19. In an English case reported in R. v.F. Cowper, (1890) 59 LJ QB 265 it was also held V Fry, L. J. (Lord Esher, dissenting) agreeing with the judgment of the Divisional Court that alithographic endorsement of a Solicitor's name was not a compliance with the provisions of Order 6, Rule 10 of the County Court Rules 1889 which required that the Solicitor should 'endorse on the particulars his name or firm.''
20. The judgment of the Divisional Court is reported at page 26 of the same volume of 59 LJ QB. It appears that Lord Coleridge, C. J. and Mathew, J. constituting the Divisional Court came to the conclusion, though not without some amount of reluctance, that ''endorse' in the Rule was equivalent to 'sign' and in the absence of the personal signature of the Solicitor the document was bad.
21. Mr. Mazumdar appearing for the Respondents does not dispute the fact that the copy in question does not bear the personal signature of the Collector and the notices were all in this form. In the circumstances it must be held that the copy of the Requisition Order actually served on the petitioners is not in Compliance with the requirements of Rule 3(i) of the West Bengal Land Requisition and Acquisition Rules, 1948, and on this last ground the petition should succeed.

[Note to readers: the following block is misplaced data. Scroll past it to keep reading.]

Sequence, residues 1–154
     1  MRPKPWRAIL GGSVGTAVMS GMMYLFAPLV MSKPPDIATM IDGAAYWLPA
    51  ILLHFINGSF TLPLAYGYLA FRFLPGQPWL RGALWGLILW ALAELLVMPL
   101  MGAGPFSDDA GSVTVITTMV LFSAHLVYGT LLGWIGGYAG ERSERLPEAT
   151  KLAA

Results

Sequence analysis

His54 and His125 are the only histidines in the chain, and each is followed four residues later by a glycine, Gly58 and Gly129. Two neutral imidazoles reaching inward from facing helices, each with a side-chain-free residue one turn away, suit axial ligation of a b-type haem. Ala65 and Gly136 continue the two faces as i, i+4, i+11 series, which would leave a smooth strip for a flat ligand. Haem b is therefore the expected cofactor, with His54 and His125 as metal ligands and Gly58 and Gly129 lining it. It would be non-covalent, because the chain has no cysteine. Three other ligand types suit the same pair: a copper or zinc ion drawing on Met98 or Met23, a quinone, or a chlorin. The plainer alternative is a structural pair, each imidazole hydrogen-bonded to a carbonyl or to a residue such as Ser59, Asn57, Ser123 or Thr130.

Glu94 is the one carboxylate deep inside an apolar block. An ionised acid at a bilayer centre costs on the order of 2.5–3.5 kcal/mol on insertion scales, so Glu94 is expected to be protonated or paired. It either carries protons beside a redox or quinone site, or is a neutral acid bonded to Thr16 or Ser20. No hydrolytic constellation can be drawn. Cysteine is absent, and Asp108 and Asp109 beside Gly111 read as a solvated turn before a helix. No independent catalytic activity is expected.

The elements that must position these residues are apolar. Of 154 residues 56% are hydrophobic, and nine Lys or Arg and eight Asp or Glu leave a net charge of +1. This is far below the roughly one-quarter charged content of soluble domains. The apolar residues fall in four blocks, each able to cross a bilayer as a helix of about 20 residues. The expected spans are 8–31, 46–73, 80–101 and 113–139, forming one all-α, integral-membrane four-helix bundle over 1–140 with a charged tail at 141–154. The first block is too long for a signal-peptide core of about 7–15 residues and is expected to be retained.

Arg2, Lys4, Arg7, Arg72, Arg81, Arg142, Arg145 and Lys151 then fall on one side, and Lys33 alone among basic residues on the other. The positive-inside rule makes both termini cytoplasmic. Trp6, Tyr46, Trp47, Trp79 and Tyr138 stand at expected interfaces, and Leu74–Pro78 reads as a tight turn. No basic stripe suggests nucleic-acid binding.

22. In the result the Rule is made absolute. Let a Writ in the nature of Mandamus issue directing the opposite parties Nos. 1 to 3 to forbear from giving effect to the Order of Requisition complained of in the petition. The opposite parties will however be at liberty to enforce the order of requisition after duly complying with the Rules.
23. There will be no order as to costs.